Franklin County has changed schedules several times since the start of the school year; most recently, elementary and middle school students are in-person four days per week, and high school students attend two days per week. The school division also offers Saturday tutoring sessions.
Salem City Schools have opened up Wednesday mornings for students who need additional remediation, serving about 400 students. Targeted instruction has “drastically reduced” F’s, Director of Instruction and Career Readiness Jamie Soltis told the school board last month.
The division has encouraged online students failing a class to return to the classroom on a hybrid schedule. The division also plans to soon increase in-person instruction to four days per week for third through 12th grade students.
High school grades can’t be compared year-over-year because of the grading system. But the percentage of middle school F’s given in the second nine weeks increased from 3.9% to 13.1% between the 2019-20 and 2020-21 school years, according to data provided by the district.
A’s and B’s still represent the majority of grades given to middle school students, according to the data.
Montgomery County schools saw a sharp increase in the number of D’s and F’s handed out to its middle and high schoolers in the first quarter of the fall semester compared to the previous year.
The county saw an 152% increase in the numbers of F’s, compared to Q1 2019, and 32% of the county’s 5,000 sixth through 12th graders received a D or an F during the same period, according to data presented to the school board.
Black and low-income students have also been disproportionately affected.
Approximately 45% of Black students received a D or an F; 32% of non-Black students received those grades. A little more than 60% of disadvantaged students — defined as those who qualify for free or reduced lunch — received a D or F, compared to 18% of non-disadvantaged students.
The county’s grades reflect national trends, according to director of secondary education Carl Pauli, who said the school system is trying to help those that need it most.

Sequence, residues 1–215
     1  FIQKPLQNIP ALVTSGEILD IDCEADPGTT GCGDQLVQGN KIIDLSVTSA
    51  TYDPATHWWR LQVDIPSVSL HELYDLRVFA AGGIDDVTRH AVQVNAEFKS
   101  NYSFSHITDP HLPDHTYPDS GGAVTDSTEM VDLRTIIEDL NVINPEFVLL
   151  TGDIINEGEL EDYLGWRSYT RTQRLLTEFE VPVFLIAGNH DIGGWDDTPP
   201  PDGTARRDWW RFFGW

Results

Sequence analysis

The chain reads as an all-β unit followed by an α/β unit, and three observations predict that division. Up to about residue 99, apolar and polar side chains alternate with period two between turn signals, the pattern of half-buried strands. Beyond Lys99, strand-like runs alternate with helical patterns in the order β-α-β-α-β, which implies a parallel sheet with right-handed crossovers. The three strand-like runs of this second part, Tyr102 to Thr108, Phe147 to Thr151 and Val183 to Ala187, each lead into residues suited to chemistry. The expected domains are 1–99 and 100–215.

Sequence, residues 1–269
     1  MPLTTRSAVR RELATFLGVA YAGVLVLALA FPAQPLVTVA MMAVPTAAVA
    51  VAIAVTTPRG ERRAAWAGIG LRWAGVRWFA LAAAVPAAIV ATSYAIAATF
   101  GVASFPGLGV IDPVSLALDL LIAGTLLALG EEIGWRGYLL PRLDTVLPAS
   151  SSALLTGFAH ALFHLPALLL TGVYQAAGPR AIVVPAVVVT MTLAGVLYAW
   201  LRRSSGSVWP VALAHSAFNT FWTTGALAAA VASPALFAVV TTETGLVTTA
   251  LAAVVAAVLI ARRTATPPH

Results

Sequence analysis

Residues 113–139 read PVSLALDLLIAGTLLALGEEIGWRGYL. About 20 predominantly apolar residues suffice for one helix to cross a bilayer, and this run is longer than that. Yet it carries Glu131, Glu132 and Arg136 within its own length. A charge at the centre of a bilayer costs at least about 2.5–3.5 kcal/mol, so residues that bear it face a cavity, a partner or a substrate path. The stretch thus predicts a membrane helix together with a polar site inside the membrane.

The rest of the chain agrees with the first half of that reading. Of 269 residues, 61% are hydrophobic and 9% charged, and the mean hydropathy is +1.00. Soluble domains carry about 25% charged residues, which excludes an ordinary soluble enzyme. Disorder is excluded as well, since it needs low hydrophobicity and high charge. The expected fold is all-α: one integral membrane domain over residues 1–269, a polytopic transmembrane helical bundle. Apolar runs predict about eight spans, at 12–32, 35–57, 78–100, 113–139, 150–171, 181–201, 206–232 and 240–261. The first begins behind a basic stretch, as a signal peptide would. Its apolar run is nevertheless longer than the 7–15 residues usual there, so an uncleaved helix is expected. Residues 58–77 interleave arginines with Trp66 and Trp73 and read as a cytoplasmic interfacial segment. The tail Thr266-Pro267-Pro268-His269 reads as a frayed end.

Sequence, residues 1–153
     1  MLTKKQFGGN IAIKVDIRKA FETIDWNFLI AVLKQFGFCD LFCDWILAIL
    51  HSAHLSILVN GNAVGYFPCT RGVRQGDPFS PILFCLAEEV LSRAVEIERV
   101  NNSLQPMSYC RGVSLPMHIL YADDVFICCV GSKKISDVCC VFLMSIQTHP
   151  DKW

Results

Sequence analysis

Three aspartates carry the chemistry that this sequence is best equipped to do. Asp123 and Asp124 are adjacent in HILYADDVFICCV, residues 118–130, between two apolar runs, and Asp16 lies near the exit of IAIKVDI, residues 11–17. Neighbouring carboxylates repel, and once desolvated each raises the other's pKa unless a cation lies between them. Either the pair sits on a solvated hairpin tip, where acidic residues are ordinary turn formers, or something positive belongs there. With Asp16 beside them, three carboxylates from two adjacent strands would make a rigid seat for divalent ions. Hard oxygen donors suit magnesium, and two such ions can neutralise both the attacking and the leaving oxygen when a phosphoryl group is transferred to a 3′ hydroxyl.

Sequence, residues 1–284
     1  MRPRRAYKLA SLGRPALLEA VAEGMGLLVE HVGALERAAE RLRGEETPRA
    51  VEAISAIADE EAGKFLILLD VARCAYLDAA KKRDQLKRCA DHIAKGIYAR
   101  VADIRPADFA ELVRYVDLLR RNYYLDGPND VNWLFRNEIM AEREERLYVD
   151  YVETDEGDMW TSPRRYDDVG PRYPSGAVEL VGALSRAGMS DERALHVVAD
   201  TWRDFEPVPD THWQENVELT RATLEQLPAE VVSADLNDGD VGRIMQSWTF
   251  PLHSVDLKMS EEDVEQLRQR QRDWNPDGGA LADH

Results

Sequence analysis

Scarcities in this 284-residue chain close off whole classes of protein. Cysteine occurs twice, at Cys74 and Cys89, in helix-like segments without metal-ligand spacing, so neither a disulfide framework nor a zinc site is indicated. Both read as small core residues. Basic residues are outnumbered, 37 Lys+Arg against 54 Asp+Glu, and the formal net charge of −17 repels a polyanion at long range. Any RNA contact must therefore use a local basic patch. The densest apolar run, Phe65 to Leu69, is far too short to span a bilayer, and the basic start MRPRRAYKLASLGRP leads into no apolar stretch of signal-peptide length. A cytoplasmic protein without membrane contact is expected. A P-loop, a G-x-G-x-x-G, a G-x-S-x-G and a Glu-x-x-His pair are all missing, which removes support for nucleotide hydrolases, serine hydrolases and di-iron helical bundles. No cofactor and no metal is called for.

He said the school system is using a triaged approach to support students with lower grades and is encouraging them to come into the classroom for in-person learning if they are not already doing so.
“We have tried the approach of calling kids who are most in need first to come in for more in-person learning and gone down the list and so forth,” he said.
Pauli also noted in an email that the data indicates that grades “have suffered across the board during the pandemic.”
“Students are struggling with motivation and the ability to maintain focus. Teachers are struggling to engage students and hold them accountable in the remote learning environment,” he wrote. “One of the most frustrating things for teachers has been students who connect remotely but do not actively participate. With their cameras and microphones turned off, there is no way to gauge attentiveness or informally assess understanding.”
Pauli also noted that some students do not complete or submit any assignments, and even when students attempt to remedy the situation, some students remain unresponsive.
Those struggling virtually have seen some improvement when returning to the classroom, according to Pauli.
“Anecdotally, principals have told me that students with grades of D or F who have since begun to attend school in-person have shown great improvement,” he wrote. “However, it still remains a family’s choice whether or not to allow their children to attend school in-person despite our recommendations.”
Montgomery students have the option of returning to full day in-person learning four times a week beginning March 8, with those wanting to remain in a virtual setting also having that option.
Radford’s school system has seen many of the same numbers other districts have in the region.
Dalton Intermediate students — seventh and eighth grades — saw the number of second quarter A’s decline from 61% in 2019 to 48% in 2020. Additionally, F’s increased from 3% to 18% of the total grades given during the same time frame.
F’s at the high school jumped from 4% in 2019 to 16% in 2020.
Pulaski County shared its data by how many students were failing one or more classes in each grade level after the first semester.
Middle school students have struggled greatly during the first semester of hybrid learning, with roughly 13.5% to almost 18% of students failing at least once course during that time, which was at least double, and in some cases, nearly triple what those numbers were last year.
Pulaski Superintendent Kevin Siers and Radford Superintendent Rob Graham both acknowledged that students who need the extra help and attention have struggled the most from virtual learning, with both stating they believe grades will go up once students return to the classroom.
Students who elect to return to the classroom will do so four days per week in Radford beginning March 1, and five days per week in Pulaski beginning March 15.